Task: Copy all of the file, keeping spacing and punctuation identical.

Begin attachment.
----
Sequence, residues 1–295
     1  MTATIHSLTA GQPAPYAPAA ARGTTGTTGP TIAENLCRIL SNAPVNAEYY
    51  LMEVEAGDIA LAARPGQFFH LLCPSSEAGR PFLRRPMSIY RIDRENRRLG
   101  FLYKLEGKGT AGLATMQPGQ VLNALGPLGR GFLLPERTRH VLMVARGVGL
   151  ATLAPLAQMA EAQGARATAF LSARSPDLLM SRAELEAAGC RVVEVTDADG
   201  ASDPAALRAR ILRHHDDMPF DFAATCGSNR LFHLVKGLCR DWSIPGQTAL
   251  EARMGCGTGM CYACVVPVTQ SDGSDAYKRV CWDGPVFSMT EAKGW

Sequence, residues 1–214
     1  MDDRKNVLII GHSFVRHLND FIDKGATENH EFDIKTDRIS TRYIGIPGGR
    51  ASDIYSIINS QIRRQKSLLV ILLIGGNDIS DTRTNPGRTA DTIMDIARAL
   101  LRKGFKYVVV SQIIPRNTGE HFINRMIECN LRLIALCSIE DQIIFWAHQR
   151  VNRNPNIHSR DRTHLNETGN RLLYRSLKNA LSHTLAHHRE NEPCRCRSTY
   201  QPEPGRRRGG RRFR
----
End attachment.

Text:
Sequence, residues 1–295
     1  MTATIHSLTA GQPAPYAPAA ARGTTGTTGP TIAENLCRIL SNAPVNAEYY
    51  LMEVEAGDIA LAARPGQFFH LLCPSSEAGR PFLRRPMSIY RIDRENRRLG
   101  FLYKLEGKGT AGLATMQPGQ VLNALGPLGR GFLLPERTRH VLMVARGVGL
   151  ATLAPLAQMA EAQGARATAF LSARSPDLLM SRAELEAAGC RVVEVTDADG
   201  ASDPAALRAR ILRHHDDMPF DFAATCGSNR LFHLVKGLCR DWSIPGQTAL
   251  EARMGCGTGM CYACVVPVTQ SDGSDAYKRV CWDGPVFSMT EAKGW

Sequence, residues 1–214
     1  MDDRKNVLII GHSFVRHLND FIDKGATENH EFDIKTDRIS TRYIGIPGGR
    51  ASDIYSIINS QIRRQKSLLV ILLIGGNDIS DTRTNPGRTA DTIMDIARAL
   101  LRKGFKYVVV SQIIPRNTGE HFINRMIECN LRLIALCSIE DQIIFWAHQR
   151  VNRNPNIHSR DRTHLNETGN RLLYRSLKNA LSHTLAHHRE NEPCRCRSTY
   201  QPEPGRRRGG RRFR